We use prepositions of time for specific periods of time. For example, the clock time, dates of events or festivals, months or days of the week and general times of the day. Here you will find some rules and explanations that help you understand how to use them.
We use on for specific days or dates:
Days of the week
Days + parts of the day
The Science Fair is on Saturday.
The baseball game is on Wednesday.
There’s a swimming competition onFebruary 21st.
The festival is on October 5th.
Mexicans celebrate The Mother’s Day on May 10th.
We have a special dinner on Christmas Eve.
I usually organize a party on my birthday.
The chess competition is on Tuesday evening.
The car race is on Friday morning.
There aren’t marathons on weekdays.
We say on weekends in the USA, but we say at weekends in Britain.
Americans celebrate their independence on July 4th.
People usually give presents on Valentine´s Day.
I don’t go to school on weekends.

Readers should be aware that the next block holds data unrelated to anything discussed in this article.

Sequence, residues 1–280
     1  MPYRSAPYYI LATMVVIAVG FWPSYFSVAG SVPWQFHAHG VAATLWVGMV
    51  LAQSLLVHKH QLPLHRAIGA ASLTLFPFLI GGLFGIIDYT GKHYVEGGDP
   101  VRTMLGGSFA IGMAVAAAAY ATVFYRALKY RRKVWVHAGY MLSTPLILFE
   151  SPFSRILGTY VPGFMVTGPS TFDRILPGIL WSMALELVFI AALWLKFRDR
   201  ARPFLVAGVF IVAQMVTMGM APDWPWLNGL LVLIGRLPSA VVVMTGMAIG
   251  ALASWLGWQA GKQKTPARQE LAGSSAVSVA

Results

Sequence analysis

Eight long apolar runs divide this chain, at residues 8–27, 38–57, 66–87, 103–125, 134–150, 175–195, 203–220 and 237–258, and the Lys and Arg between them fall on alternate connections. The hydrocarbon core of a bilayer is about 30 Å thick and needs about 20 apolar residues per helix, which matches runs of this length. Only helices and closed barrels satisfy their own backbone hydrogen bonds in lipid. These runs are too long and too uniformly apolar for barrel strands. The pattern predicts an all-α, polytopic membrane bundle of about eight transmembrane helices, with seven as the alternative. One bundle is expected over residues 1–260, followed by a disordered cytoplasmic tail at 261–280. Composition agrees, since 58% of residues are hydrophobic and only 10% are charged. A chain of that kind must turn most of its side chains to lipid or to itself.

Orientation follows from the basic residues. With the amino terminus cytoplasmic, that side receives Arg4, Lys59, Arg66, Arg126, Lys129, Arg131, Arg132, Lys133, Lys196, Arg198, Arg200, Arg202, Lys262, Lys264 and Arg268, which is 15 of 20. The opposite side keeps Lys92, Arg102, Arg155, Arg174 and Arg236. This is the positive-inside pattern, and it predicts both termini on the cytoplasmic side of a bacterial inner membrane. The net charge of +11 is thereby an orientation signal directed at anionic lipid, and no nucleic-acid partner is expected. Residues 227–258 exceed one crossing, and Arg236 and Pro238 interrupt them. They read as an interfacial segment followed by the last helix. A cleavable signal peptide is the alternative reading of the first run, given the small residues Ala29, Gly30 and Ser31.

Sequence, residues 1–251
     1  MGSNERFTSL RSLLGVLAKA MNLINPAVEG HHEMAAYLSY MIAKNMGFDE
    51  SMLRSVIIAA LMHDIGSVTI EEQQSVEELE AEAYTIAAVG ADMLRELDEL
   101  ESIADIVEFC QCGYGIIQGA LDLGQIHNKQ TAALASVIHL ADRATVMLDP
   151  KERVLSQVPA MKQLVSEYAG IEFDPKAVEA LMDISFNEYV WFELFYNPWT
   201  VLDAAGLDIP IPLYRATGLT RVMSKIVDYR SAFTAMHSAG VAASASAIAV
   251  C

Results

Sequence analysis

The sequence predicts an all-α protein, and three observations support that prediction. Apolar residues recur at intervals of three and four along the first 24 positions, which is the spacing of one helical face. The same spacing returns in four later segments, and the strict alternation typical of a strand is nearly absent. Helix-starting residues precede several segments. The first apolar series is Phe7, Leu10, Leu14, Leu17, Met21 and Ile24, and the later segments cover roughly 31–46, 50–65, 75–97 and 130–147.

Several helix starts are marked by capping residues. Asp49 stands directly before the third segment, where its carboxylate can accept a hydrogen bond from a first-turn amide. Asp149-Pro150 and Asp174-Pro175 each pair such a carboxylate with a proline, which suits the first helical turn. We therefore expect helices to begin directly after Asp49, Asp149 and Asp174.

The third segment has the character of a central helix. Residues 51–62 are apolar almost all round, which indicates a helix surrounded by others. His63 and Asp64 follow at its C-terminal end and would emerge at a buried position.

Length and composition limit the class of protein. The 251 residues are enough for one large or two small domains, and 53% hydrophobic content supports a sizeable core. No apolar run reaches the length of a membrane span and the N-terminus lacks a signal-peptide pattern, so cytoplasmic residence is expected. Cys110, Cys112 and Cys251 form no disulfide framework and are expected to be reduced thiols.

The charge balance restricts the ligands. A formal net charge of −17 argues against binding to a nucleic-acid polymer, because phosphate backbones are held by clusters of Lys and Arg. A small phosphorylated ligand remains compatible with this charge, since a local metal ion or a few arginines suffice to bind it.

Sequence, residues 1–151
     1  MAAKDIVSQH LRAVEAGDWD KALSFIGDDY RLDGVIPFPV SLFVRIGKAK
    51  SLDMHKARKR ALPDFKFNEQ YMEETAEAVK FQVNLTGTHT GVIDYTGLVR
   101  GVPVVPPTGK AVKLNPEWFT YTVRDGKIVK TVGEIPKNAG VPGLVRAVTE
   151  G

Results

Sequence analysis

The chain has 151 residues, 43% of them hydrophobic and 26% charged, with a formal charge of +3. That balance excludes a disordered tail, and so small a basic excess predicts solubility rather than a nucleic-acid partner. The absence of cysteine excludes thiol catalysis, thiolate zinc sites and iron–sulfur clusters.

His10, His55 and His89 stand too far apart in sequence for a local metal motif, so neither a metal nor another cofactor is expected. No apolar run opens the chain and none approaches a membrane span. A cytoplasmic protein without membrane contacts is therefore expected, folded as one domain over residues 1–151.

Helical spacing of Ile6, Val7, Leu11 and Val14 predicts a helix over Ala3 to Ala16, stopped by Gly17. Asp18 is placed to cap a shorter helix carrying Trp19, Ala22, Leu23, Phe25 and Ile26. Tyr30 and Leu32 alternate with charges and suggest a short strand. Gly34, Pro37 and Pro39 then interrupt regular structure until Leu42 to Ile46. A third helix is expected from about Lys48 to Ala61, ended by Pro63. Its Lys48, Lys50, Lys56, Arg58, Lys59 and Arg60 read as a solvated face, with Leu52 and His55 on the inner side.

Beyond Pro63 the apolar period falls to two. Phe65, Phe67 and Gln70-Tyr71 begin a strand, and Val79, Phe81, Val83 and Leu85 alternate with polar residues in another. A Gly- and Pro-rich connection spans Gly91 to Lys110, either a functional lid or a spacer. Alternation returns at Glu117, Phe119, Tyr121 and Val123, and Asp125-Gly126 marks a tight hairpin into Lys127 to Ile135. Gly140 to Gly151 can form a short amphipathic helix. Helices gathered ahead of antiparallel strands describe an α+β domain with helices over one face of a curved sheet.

There’s a great party on Friday.
The soccer match is on Sunday morning.
We celebrate St Valentine’s in February.
I usually go on vacation in June
I got married in 2007.
Julian was born in 2000.
It is very hot in summer.
There are a lot of flowers in spring.
We live in the 21st century
In the 18th century life the industrial revolution began to transform life in Britain.
Length of time
Let’s meet in 2 hours.
Our class starts in 10 minutes.
Parts of the day
I take a shower in the morning.
I usually read the newspaper in the afternoon.
I watch TV in the evening.
We use at when we want to mention the time an event starts or finishes.
A: What time does the party start?
B: The party starts at 6:00 pm.
The movie starts at 7:30 and finishes at 9:20 in the evening.
We use at when we refer to public holidays:
We’re celebrating together at Christmas.
We use this preposition for a specific time, check these phrases:
The party with my crush finished at midnight.
I like watching the news at lunchtime.